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Dipping My Toes Into SQL Azure – Part 2 – Protection Mechanisms

Dipping My Toes Into SQL Azure – Part 2 – Protection Mechanisms

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I left off my previous post stating that I was going to start looking at performance and reliability issues associated with SQL Azure.   In doing this work I discovered and encountered some of the protection mechanisms

 

SQL Azure Protection Mechanisms

SQL Azure is secure, isolated, multi-tenant system.  As such, the system is designed with various protection mechanisms.   An obvious protection mechanism is denial of service (DOS) prevention.   SQL Azure implements SQL Server specific mechanisms to maintain performance and reliability standards. 

Note: These mechanisms are added and changed frequently to maintain the best environment possible providing high levels of reliability and performance for SQL Azure users.   Because of this any values I use in this post should be treated as rough estimates.  In fact, I have inflated or deflated the values I use in testing to levels that will trigger possible issues in my code and may never trigger the same behavior in SQL Azure but it allows me to harden my code base.

Stand-Alone Testing – Simulate Some SQL Azure Behavior(s)

I found that I could simulate many of SQL Azure's protection mechanisms on a stand-alone server and run my test suites.   I specifically inflated or deflated the protection target to trigger the issues in my testing.   Many of the things can be done with simple configuration changes to establish limits.  I can’t cover all the mechanisms in a single blog but I tried to provide the ones that I found as gotchas.

SQL Azure Mechanisms

Tempdb  (http://technet.microsoft.com/en-us/library/cc966545.aspx#EGAA)

Since TEMPDB is a shared resource on an instance there is a potential for overuse by a single user.   I started thinking of the locations in my code that I use temp tables, triggers(version store) could lead to hash spills, cursors and sorting activities.  Those that could use significant space in TEMPDB I evaluated for how to reduce the TEMPDB usage by breaking things down in batches or coming up with a new design, adding an index and such.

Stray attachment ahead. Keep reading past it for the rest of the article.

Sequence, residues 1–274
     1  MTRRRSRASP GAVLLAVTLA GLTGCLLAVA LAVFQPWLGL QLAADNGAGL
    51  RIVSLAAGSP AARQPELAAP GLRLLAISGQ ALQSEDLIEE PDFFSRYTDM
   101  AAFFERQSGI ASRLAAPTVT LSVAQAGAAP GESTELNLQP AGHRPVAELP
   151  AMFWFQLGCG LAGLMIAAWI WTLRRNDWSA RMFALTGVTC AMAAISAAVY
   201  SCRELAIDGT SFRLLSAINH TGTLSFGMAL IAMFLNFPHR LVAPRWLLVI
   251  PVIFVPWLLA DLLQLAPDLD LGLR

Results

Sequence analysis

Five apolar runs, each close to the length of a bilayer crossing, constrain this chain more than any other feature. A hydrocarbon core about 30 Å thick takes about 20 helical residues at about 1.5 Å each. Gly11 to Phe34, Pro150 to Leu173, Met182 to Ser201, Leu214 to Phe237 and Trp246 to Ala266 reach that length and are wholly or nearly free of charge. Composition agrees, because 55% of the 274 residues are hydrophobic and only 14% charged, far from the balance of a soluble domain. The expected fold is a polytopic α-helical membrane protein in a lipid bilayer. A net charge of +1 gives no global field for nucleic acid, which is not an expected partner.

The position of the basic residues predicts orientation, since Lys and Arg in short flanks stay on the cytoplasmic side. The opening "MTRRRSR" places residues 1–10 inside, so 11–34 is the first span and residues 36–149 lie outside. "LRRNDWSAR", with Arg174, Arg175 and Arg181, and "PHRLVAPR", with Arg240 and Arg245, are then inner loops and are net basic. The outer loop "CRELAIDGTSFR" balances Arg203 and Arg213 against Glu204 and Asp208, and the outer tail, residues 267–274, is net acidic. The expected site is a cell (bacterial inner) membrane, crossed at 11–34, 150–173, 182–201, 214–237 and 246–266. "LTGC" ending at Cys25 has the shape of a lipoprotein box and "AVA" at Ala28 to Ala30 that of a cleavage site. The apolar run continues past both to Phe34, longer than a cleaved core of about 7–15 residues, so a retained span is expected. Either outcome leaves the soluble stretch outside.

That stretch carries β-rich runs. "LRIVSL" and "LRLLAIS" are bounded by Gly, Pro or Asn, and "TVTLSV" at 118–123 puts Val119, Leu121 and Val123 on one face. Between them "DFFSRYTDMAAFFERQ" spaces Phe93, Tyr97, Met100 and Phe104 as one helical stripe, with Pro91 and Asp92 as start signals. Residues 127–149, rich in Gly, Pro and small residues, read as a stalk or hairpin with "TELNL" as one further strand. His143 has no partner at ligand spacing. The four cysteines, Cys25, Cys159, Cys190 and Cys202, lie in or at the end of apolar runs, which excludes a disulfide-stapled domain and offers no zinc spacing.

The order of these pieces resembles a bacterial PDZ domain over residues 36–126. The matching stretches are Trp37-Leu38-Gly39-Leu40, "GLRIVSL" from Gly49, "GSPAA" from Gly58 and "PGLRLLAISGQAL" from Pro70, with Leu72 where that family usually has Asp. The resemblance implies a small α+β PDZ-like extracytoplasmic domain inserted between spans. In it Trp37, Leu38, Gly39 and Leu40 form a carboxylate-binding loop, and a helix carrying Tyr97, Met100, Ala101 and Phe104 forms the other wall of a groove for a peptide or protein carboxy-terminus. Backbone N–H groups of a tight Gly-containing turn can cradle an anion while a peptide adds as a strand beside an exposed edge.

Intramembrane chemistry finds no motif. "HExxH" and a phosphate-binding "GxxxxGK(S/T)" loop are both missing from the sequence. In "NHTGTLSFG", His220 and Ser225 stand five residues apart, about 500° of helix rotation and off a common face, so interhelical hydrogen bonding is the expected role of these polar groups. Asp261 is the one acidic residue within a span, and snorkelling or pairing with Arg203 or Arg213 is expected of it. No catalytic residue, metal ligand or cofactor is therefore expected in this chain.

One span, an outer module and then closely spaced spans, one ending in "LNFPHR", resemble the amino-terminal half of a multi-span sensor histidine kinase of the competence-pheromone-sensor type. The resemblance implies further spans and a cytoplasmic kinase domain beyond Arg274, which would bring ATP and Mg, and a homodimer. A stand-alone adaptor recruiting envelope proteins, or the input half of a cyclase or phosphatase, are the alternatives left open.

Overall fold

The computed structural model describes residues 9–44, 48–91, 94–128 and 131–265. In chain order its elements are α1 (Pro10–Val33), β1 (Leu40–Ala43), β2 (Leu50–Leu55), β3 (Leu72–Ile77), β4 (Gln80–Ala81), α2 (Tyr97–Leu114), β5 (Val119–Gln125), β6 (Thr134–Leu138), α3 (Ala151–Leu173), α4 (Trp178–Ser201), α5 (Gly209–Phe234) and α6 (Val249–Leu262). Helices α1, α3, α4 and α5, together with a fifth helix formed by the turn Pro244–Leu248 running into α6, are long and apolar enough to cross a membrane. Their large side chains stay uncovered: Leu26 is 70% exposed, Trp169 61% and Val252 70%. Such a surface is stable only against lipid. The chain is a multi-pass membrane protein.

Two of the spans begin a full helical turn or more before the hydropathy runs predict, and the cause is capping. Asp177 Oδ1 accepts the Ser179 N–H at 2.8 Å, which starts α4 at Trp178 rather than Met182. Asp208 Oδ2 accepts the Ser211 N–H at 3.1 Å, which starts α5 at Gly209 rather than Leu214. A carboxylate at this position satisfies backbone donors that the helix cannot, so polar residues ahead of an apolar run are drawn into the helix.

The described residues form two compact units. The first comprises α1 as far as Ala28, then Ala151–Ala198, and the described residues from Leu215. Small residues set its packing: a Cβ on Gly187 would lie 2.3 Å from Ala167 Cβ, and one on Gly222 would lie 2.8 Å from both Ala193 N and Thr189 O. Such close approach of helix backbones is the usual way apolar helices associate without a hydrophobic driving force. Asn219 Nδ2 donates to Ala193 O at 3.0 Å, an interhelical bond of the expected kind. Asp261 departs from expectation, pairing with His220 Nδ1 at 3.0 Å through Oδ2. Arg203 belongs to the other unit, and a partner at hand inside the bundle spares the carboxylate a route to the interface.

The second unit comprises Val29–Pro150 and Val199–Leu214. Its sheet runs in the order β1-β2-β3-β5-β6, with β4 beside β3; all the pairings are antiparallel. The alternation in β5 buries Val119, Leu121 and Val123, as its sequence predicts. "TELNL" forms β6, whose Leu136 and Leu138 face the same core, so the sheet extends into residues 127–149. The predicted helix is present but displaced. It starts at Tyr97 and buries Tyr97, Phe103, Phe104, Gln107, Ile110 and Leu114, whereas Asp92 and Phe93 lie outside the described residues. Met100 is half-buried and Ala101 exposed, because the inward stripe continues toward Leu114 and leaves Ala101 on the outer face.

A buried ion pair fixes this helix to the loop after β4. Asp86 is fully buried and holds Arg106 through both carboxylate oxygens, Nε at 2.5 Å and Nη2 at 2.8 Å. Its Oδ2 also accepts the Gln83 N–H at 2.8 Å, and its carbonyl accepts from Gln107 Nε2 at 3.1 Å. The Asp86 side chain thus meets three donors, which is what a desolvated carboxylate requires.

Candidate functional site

The TEMPDB limitation is currently based on per session usage.  Stand-alone doesn’t have a simple per session usage limit for TEMPDB so I set a small fixed size for TEMPDB that will trigger out of space issues in my test runs.  Limiting this to functional tests I avoid multi-tenant usage of TEMPDB and identify those queries and data sets that could encounter a limit on SQL Azure.  I currently test with TEMPDB MAX = 512MB limit.   As of today this is about ¼ the limit of SQL Azure.  It is big enough for me to run most of my queries without issue and small enough to catch design and usage patterns in my code that I need to reconsider.

I use the Trace Events: Errors and Warning category for events such as (Exchange split, Hash Warning, Sort Warning, ….) to find queries that I might need or want to turn.   I also add the Cursor category to find cursors that might be using TEMPDB because of cursor conversions.

There are performance counters for TEMPDB that I can set alerts on as well as DMV queries to help me monitor TEMPDB usage.

dm_tran_version_store and dm_tran_version_store for looking at version store activities

db_db_file_space_usage and dm_db_task_space_usage for looking at space usage  

Locks

Each lock requires a memory allocation and SQL Azure requires a given transaction to be a good citizen.   I set the sp_configure value for locks to 1,000,000 (1 million) which is far below the current SQL Azure limit but again a good way for me to find possible lock consumers in my code.

The DMVs for locks are helpful (dm_tran_locks) and the Trace Events: Locks – Escalation is a good location to find possible queries that could consume locks if escalation is not achieved.

I also enabled trace flag –T1211 (test system only) that disabled lock escalation to help find those queries that could consume a large number of locks.

One I found these queries I revisited the batch size of the transaction and in some instances updated query hints.   For example ReadTrace is doing a load operation and during the load there is no other access to the tables.  I could use the TABLOCK query hint to reduce the lock memory I am using and it does not change any concurrent access paths for my application.

Transaction Log Space

The databases from various tenants using SQL Azure share disk drives.  It would be an inefficient system is each database got its own set of disk drives and even if each had its own disk drive allowing the log to grow unbounded will lead to out of space issues.   The protection mechanisms in SQL Azure monitor how much space a transaction has consumed as well as how much log can’t be truncated from all activity in the database because an open transaction is holding the truncation point of the transaction log.